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Case Studies : Apexi Super AFC Wiring Diagram : How to install a AFC.

While the age of the piggyback computer is slowly coming to an end, many enthusiasts would be remiss to overlook the benefits of adding a piggyback such as the Super AFC to their vehicle for tuning flexibility.

So people have been asking for diagrams and sending questions regarding the APEXi SAFC unit. I have included a scanned image displaying the wiring diagram and how to install steps below :

And here are a few links to previous Case Studies where we install the AFC and tune it.

Installing SAFC into a MKIV Supra

Installing SAFC into a Dodge SRT-4

Tuning SAFC – How to tune your car for dummies

Happy tuning!

 

Project SRT-4 : Back on the road and tuning with the AFC

Project SRT-4 has been on a long hiatus, and after popping the headgasket late in 2008, we’ve finally gotten back around to getting this monster back on the street. Since it’s been a few weeks since our last update, let’s run through a quick recap.

Staying with the stock bottom end, we’ve chosen to run a Cometic head gasket for the SRT-4 along with ARP head studs to keep the 2 halves together.

Head is assembled, cams and cam caps torqued and assembly lube generously applied. Next, we torque down the head, following the SRT-4 tightening sequence.

Now onto the real challenge, installing and fabricating the downpipe, chargepipe and turbo kit on the back of this motor. What you are looking at is a 50mm Tial wastegate, DNP Turbo manifold and the back of the motor.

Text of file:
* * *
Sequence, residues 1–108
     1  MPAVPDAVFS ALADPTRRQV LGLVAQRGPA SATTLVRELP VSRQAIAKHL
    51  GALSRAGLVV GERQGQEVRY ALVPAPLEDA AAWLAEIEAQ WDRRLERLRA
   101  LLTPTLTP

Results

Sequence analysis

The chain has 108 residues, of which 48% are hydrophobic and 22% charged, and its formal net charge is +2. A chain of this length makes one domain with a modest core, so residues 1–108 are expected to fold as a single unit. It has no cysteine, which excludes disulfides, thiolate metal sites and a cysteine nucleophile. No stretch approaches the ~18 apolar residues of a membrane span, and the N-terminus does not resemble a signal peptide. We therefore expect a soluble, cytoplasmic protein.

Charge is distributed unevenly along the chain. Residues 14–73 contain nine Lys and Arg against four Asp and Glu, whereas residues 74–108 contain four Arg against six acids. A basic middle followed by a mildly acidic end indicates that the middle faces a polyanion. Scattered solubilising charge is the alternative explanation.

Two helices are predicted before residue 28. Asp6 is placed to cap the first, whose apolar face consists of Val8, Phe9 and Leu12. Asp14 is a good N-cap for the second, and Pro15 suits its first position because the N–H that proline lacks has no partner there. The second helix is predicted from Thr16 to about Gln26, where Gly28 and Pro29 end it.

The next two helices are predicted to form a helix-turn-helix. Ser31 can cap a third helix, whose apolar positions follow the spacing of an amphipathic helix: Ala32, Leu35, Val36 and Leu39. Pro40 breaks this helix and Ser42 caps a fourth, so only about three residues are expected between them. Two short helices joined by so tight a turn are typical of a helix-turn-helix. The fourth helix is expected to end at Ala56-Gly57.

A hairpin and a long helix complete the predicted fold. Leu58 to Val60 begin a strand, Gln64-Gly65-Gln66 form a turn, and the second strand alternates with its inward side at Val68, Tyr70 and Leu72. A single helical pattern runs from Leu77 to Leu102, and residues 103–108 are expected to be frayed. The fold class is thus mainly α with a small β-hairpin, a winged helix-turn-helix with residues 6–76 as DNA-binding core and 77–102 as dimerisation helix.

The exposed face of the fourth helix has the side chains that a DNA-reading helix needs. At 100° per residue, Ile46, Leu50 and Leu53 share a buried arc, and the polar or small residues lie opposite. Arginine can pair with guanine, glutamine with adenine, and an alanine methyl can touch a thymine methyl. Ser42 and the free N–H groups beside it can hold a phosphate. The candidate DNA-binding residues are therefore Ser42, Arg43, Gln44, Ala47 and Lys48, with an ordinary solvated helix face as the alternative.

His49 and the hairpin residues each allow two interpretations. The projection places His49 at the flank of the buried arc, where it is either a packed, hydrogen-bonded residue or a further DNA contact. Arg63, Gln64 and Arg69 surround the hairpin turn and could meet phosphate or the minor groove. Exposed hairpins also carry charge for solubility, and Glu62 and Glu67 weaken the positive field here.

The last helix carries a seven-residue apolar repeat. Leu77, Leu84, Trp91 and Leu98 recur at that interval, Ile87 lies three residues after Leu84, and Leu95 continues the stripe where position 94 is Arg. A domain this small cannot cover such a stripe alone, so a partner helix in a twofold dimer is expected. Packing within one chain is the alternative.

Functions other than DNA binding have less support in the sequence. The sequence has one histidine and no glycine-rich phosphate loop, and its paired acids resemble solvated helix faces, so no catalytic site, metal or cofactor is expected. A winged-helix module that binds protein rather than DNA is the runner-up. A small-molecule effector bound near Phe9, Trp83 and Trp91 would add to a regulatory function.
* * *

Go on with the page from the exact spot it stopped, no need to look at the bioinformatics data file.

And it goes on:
Project SRT cracked 350 whp on my Dynojet448x using a slightly upgraded stock turbo and stock fuel. Since then, we’ve stepped up to a 62-1 Garrett T3/T4 turbocharger in hopes of chasing down 440 whp on 91 octane.

Unfortunately, that also means ditching the stock manifold, turbo and downpipe, and if you’ve ever seen the SRT-4 Engine bay, you know how much of a bitch this is going to be.

After quite a bit of cursing and yelling, we’ve mounted and installed the turbo, manifold and wastegate, but our problem is still the dumptube.

Here’s a shot of under the car, looking at the back of the motor between the firewall and subframe. If you see the 2 power steering lines going into the rack there, that is about the only space we have to route a dumptube.

Time to get lucky.

Using a Vibrant V-band flange, we weld a 1.75 inch J pipe and completely hack up the bend to get the radius as tight as humanly possible.

After a lot of cutting and hacking, we’ve got a pipe that allows us to bolt it to the wastegate egress, but the bend is not tight enough to clear the power steering lines or alternator properly. Further, the opening is not large enough for us to cut and reweld, and instead of removing parts again, we’ve opted to heat up the pipe and bend as need be.

Unfortunately, we forget that the dump tube is 304 stainless.

It look a whole lot of heating and bending, but we finally got the screamer pipe to bolt on and clear all the lines properly.

A look at the finished product, note the clearance on the power steering lines as well as the clearance to the charge pipe coming off the turbo.